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[The Center for Equal Opportunity is an educational, non-profit organization, which supports the Nebraska Civil Rights Initiative. On October 8, 2008, the Center published a Special Report on Racial and Ethnic Preferences in Admission at the University of Nebraska College of Law in 2006 and 2007. Here is the section of the report that shows how much an applicant's probability of admission rises or falls depending upon his/her race or ethnicity. Following this section are comments about the report to the press by Dean Willborn of the College of Law. Curtis Crawford] Probabilities of AdmissionThe meaning of logistic regression equations and their associated odds ratios may be difficult to grasp because the equations are complex and hard to explain without resorting to mathematical formulations. A more intuitive way to grasp the underlying dynamic of preferential admissions is to convert these logistic regression equations into estimates of the probabilities of admission for individuals with different racial/ethnic group membership, given the same LSAT scores and grades. In this section, we compare the probabilities of admission for individuals belonging to these different groups, using the logistic regression equation specific to each year. The probability calculations provide an estimate of the admission chances for members of each group, all with the same test scores, undergraduate grades, residency status, and sex. We chose to examine the probabilities for an in-state male applicant with the same LSAT score and undergraduate GPA as the median for black admittees for 2006 and 2007.(1) The same set of test scores and undergraduate GPAs were entered for blacks, whites, Hispanics, and Asians. Chances of admission were then calculated for a black applicant, a white applicant, a Hispanic applicant, and an Asian applicant with those academic qualifications. These calculations do not change the statistical results reported in the earlier section on odds ratios, but they do provide an easier-to-understand interpretation of their meaning. The differences in odds ratios illuminate large differences in the probability of admission based on an applicant's race. The probability of admission is presented in Table 4. It shows the probability of admission for blacks, Hispanics, Asians, and whites, for the same test scores and grades in a particular year. Figure 5 . Probabilities of Admission * * Assumes applicant is male and has the same LSAT score and undergraduate GPA as the median for black admittees in that particular year . Figure 5 shows the likelihood of admission for the four groups, divided into in-state and out-of-state applicants. Applicants were assumed to have an LSAT score and college GPA equal to the average score and GPA of black admittees in 2006 and 2007. (2) The extremely large weight given to race and ethnicity can be particularly appreciated when comparing the likelihood of admission of black, Hispanic, Asian, and white in-state applicants with out-of-state applicants of the same racial and ethnic groups, all with the same academic credentials as the average black admittee. The odds ratios favoring blacks and Hispanics over whites, (3) for example, are larger than the 7 to 1 odds ratio favoring Nebraska residents over non-residents (controlling for all other factors).(4) Accordingly, the results are that, with the same credentials as the average black admittee, Hispanic, Asian, and white residents were all less likely to be admitted compared to black residents . Additionally, Asian and white residents were less likely to be admitted compared to black and Hispanic non-residents . In 2006, black residents with the same test scores and grades as the average black admittee had a 79% chance of admission, while black non-residents had a 35% chance. Hispanic in-state applicants in 2006 had a 43% chance of admission – a smaller chance of admission compared to black in-state applicants, with a 79% chance of admission. Hispanic in-state applicants in 2006 however had a greater chance of admission than black out-of-state applicants, with a 35% chance of admission. Asian residents in 2006 with the same credentials as the average black admittee had a 5% chance of admission, compared to a 79% chance for black residents and a 35% chance for black non-residents. The 2006 Asian in-state probability was also smaller than the admission chances of both in-state and out-of-state Hispanics (43% and 10%, respectively). White in-state applicants in 2006 with the same credentials as the average black admittee had the smallest chance of admission among all in-state applicant groups (1%). It was much smaller compared to the 79% chance of admission for in-state blacks, the 43% chance for in-state Hispanics, and the 5% chance for in-state Asians. Moreover, white in-state applicants had less of a chance of admission compared to out-of-state blacks (35%) and Hispanics (10%), and the same chance of admission as out-of-state Asians (1%) with the same credentials. In 2007, black in-state applicants with the same credentials as the average black admittee had a 93% chance of admission, while black out-of-state applicants had a 67% chance. Hispanic in-state applicants in 2007 had a 74% chance of admission – smaller than the chances for black in-state applicants (93%) but larger than the chances for out-of-state blacks (67%). Asian in-state applicants in 2007 had a 15% chance of admission, compared to a 93% chance for in-state blacks and a 74% chance for in-state Hispanics. The Asian in-state admission probability was also much smaller than the chances for out-of-state blacks and Hispanics (67% and 29%, respectively). White in-state applicants in 2007 had the smallest admission probability of all racial and ethnic groups in Nebraska. White in-state applicants had a 3% chance of admission, compared to a 93% chance for in-state blacks, a 74% chance for in-state Hispanics, and a 15% chance of admission for in-state Asians. The 3% chance of admission for in-state whites was also smaller than the admission chances of out-of-state blacks (67%) and Hispanics (29%) with identical credentials, and was the same as Asian out-of-state applicants (3%). NOTES: 2. The median LSAT score for black admittees was 146 in 2006 and 148 in 2007. The median college GPA for black admittees was 3.1 in 2006 and 3.3 in 2007. [return to text] 3. 442 to 1 and 90 to 1, respectively. [return to text] 4. Gender gives an applicant no substantial advantage, with an odds ratio of women over men by 1.2 to 1. [return to text] [The complete Center report is here.]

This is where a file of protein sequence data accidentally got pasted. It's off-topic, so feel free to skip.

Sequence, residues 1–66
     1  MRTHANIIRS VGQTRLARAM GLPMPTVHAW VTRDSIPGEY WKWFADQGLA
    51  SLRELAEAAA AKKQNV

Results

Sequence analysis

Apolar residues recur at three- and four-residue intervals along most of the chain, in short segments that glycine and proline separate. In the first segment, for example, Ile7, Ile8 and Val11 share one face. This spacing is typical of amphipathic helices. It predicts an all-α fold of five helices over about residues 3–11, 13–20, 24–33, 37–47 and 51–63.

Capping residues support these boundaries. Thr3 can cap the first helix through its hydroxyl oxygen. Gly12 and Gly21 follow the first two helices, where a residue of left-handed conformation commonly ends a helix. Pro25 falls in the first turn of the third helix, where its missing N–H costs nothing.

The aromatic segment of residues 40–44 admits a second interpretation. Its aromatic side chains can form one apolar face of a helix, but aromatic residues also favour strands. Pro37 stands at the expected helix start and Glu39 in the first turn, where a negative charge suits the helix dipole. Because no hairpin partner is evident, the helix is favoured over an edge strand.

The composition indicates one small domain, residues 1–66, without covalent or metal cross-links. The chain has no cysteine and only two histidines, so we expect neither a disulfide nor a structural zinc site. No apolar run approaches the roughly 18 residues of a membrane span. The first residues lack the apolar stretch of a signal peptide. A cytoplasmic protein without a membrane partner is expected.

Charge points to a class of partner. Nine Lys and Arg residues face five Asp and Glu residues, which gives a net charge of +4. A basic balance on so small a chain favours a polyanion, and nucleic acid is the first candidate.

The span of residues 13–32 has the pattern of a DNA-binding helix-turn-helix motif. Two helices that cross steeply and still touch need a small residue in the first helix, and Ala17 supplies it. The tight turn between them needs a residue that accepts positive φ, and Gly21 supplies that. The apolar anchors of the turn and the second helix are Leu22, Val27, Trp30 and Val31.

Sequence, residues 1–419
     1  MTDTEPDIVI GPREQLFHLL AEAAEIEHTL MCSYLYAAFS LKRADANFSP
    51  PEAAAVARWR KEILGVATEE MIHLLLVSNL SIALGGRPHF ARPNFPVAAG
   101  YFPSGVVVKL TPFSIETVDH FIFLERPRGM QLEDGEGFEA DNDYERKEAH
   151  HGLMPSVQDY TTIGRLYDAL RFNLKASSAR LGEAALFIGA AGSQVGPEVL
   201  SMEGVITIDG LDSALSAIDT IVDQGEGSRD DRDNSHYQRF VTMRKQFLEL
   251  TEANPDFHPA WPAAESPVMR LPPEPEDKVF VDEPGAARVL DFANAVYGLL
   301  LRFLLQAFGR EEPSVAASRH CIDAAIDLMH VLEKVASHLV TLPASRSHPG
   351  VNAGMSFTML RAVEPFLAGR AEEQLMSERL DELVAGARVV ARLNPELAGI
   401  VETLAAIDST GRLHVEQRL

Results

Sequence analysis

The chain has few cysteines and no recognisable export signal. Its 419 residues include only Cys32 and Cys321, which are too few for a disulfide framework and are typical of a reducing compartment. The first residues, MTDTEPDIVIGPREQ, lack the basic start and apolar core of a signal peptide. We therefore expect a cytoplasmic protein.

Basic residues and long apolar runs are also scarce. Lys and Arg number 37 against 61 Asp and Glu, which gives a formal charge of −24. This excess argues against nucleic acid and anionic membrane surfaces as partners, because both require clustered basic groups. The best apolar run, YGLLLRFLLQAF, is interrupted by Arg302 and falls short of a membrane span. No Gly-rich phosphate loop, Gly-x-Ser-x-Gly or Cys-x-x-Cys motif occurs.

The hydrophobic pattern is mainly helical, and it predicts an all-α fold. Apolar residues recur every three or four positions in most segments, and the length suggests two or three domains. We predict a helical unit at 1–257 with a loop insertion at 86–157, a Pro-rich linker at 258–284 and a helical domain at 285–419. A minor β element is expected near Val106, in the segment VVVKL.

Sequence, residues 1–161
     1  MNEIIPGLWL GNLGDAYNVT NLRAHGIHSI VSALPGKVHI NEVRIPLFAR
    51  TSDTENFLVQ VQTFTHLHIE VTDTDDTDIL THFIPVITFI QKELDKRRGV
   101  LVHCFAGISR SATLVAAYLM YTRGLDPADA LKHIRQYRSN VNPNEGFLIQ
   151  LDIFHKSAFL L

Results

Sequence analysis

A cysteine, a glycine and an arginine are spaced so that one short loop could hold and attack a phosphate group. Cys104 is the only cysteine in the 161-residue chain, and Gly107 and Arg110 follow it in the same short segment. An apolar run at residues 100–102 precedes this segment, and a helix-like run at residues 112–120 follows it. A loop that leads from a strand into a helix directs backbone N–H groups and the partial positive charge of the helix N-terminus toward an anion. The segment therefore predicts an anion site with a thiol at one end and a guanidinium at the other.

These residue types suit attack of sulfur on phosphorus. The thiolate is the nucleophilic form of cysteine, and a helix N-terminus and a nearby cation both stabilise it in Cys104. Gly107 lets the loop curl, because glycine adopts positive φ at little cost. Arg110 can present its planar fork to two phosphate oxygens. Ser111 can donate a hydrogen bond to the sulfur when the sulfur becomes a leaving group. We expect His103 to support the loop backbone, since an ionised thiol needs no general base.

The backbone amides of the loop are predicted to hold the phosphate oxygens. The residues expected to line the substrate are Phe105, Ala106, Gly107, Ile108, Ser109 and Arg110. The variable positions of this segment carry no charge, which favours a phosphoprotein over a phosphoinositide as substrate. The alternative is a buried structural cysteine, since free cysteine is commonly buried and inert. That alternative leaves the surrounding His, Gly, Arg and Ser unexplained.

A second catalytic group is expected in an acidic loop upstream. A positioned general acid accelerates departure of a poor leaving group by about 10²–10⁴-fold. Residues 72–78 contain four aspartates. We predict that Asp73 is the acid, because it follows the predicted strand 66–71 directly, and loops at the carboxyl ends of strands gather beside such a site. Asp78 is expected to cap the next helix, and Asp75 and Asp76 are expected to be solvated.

RESPONSE OF DEAN WILLBORN TO THE CEO REPORT [According to an Associated Press report, published by the Columbus, Nebraska Telegram, Oct. 13, 2008, the Law College's dean made the following comments in response to the Center's claims.] Law school Dean Steven Willborn questioned the statistics that were the basis of the group's findings. He said the college did not provide the group with information that showed the race and ethnicity of students. Willborn acknowledged, however, that race is a factor in admissions decisions. “We give preference to people within racial and ethnic categories,” Willborn said. “The only way we can provide a good education to all our students is to provide a climate ... where there's a whole bunch of diverse points of view.” For that reason, Willborn said, he didn't have a problem with the admitting minority students who may have lower test scores than white students. Willborn said the center reached broad conclusions based on a small number of students. “They're talking about something like 14 or 15 African-Americans admitted to the law school, and that's why they want to change the constitution?” to prohibit affirmative action, Willborn said. The law college's admission policies, he said, are consistent with a landmark U.S. Supreme Court decision in 2003. In its decision in Grutter v. Bollinger, the high court banned the use of rigid formulas that award points based on race for admission to the University of Michigan's undergraduate program and law school. But the court permitted colleges to consider race as part of a “holistic review” of every application. Willborn said considering race when admitting students is common at law colleges around the country. [The complete AP report is here.] Return to Table of Contents for Nebraska & Colorado Civil Rights Initiatives |